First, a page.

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Snow Owl September 2004

10,000 BC 6,000 BC
Paleo-Indians are nomadic hunter-gatherers that live in the region stretching from Texas to Arkansas.

Paleo-Indians (15,000-6,000 BC)
All plotted by their archeological remainsespecially spear points. Paleo Indians are largely distinguished by their hunting and gathering economic system.

Mostly gathering early on. Not much work required of hunters and gathers, but lots of land and occasionally migration. Did they hunt to extinction the mammoth, mastadon, giant ground sloths? (12,000 on). Evidence sketchy because of the geologic changes since. Most territory now under water or alluvium. The combination of hunting and gatheringmakes the Archaic designation, which really made life easier and populations larger. Women were apparently on the verge of domesticating marsh elder, aramanth and chenopod
6,000 BC 2,000 BC
Meso-Indians create ornamental goods like beads and hairpins and tortoise shell rattles. Meso-Indians are nomadic hunter-gatherers that settle in more centralized regions than the Paleo-Indians. Meso-Indians are credited with building elaborate earthen mounds.
Meso-Indian: four points and a drill

Meso-Indians (6,000-2,000 BC)
Replaces the nomadic existence of the H/G cultures. Still hunt, but more settled and the domestication of plants begins. Use of fire explains some of the forest cover. Europeans and later tribes copied the practice. Slash and burn agricultureare present day burnings a hold-out? Complex social structures and civilization begins. Pottery, jewelry, religious ceremonies
2,000 BC 600 BC
NeoIndians begin to make stone and pottery vessels and various decorative and ceremonial objects. Neo-Indians, especially Poverty Point people develop extensive trade networks. Neo-Indians begin to form groups whose population expands and becomes more regionalized. Poverty Point artifacts Poverty Point people develop new methods for cooking food.
Early and Late Paleo-Indian Period Stone Points
600 BC 200 AD
Tchefuncte Indians are the first to make large amounts of clay pottery. Tchefuncte Indians rely less and less on long distance trade. Tchefuncte Indians lead a simpler life than their predecessors. Marksville Indians develop fairly elaborate burial rituals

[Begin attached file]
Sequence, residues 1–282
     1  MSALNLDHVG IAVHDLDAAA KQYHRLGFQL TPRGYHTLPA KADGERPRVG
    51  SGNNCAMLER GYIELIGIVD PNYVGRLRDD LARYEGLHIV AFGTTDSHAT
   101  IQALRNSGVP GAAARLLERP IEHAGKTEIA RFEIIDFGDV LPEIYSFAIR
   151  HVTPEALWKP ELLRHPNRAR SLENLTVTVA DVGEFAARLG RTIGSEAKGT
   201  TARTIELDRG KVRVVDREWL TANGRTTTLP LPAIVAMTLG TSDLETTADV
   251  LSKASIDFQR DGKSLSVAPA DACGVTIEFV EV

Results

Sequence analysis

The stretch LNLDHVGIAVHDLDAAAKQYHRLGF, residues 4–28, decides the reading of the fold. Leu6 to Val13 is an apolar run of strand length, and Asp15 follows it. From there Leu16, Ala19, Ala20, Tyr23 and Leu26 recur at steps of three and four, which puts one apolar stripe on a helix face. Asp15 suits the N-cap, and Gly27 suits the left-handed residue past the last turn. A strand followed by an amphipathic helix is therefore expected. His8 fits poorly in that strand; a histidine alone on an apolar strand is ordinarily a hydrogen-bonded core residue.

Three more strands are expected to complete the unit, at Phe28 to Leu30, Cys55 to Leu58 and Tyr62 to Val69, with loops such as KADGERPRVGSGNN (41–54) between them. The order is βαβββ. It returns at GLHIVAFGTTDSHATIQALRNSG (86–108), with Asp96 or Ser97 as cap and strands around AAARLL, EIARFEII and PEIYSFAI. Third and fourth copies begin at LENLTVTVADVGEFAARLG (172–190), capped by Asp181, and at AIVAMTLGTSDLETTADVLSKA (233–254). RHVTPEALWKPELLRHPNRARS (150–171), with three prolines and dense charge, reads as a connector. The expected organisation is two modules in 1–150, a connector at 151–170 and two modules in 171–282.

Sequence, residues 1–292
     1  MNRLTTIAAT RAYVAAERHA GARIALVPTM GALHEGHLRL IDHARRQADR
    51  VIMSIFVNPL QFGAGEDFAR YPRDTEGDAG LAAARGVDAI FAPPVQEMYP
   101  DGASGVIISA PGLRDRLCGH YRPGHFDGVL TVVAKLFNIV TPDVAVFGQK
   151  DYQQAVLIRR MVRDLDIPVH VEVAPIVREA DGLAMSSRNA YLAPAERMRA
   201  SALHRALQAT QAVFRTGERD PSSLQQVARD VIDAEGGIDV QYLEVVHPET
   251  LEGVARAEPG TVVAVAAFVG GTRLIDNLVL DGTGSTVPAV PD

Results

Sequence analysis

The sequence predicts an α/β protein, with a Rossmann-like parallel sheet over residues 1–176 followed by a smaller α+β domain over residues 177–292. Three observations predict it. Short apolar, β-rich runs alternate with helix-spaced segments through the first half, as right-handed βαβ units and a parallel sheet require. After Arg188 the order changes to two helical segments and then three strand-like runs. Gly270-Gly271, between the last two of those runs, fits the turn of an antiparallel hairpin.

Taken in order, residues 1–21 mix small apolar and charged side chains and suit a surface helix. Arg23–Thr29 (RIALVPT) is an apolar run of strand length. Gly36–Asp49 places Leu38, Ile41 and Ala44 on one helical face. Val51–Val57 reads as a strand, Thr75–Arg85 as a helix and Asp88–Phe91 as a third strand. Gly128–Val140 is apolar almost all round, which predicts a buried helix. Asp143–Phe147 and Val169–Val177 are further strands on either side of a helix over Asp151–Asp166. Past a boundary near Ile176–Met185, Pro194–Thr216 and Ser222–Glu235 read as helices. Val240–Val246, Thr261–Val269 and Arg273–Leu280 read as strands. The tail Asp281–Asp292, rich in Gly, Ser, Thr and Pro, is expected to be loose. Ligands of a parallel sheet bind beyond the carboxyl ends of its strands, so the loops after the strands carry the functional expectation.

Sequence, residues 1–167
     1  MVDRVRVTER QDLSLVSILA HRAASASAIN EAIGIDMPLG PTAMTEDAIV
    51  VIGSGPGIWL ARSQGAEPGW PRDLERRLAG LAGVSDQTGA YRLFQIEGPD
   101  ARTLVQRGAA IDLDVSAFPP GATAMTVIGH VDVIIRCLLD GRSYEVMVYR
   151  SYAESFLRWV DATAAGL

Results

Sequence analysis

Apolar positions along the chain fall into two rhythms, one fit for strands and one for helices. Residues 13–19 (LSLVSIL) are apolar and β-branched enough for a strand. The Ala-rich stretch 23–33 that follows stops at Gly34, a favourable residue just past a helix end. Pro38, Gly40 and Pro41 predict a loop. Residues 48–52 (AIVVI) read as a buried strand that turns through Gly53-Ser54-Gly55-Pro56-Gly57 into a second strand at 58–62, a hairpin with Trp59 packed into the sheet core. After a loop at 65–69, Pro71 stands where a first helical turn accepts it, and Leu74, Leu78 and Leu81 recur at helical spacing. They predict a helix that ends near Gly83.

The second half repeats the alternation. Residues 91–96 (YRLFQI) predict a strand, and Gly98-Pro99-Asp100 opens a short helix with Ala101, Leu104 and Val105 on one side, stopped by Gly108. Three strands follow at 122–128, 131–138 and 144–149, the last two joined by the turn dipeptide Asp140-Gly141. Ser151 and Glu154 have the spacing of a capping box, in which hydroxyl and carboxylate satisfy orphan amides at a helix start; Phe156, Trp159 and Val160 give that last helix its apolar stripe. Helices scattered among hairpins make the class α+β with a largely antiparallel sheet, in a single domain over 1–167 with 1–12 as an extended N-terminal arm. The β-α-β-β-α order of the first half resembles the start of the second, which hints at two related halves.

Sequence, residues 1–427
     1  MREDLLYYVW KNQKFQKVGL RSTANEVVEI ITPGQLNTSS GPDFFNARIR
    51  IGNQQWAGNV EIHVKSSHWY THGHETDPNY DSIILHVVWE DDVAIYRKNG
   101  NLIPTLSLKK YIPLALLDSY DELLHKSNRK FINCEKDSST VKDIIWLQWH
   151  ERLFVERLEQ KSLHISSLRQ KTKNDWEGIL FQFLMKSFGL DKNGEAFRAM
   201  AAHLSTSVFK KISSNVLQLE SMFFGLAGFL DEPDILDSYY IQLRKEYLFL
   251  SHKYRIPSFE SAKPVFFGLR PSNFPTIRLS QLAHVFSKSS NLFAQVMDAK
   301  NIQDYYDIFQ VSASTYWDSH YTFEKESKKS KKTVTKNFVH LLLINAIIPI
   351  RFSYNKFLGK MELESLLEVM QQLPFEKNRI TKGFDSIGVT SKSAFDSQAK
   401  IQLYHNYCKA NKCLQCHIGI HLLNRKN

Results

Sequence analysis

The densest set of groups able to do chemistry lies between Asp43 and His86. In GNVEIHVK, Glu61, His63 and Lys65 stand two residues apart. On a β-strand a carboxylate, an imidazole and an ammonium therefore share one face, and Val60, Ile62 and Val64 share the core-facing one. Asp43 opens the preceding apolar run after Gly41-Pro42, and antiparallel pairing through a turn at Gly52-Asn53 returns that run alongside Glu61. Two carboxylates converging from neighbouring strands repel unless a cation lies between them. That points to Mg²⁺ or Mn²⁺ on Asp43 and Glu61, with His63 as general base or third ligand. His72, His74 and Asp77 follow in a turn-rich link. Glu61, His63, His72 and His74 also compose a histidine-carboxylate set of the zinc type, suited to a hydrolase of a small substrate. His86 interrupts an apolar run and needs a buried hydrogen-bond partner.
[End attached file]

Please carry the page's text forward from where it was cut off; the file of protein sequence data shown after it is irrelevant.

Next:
Poverty Point
2000-200 BC
Bayou Macon in West Carroll parish. Bird effigy mound. Largest structure in the US before the 20th century. The semicircle mounds have a diameter of 3/4ths a mile10 times larger than Stonehenge. Was the heart of a large regional culture that stretched from Missouri to Florida. Wide trading network. Poverty pointers were not farmers. But how to produce such surpluses??? No set-up culture with a precedent of this magnitude. Manufacturing site for jewelry, beads etc. not just a trading site. Probably a diffusion of ideas, commercial, political and religious from another area, perhaps Mexico around 2000 BC. Urban hierarchy existed within the poverty point culture.
1 AD 400 AD
Marksville Indian pottery designs become more ornamental. Marksville Culture is influenced by ideas and traditions of other native peoples. Marksville Indians are culturally influenced by the Hopewell Indians of Ohio and Illinois.
400 AD 1100 AD
Troyville-Coles Creek Indians produce more durable pottery for more uses.
and west of them. Troyville-Coles Creek Indians continue to build ceremonial mounds.
Troyville-Coles Creek Indians built centralized temple buildings.
800 AD 1489 AD
Caddo Indians develop a new style of pottery in varied shapes. The Mississippian Culture develops an immense trade network. Caddo Indians developed elaborate burial rituals.
1541 AD
Both Caddo and Tunica tribes have a highly developed economies.

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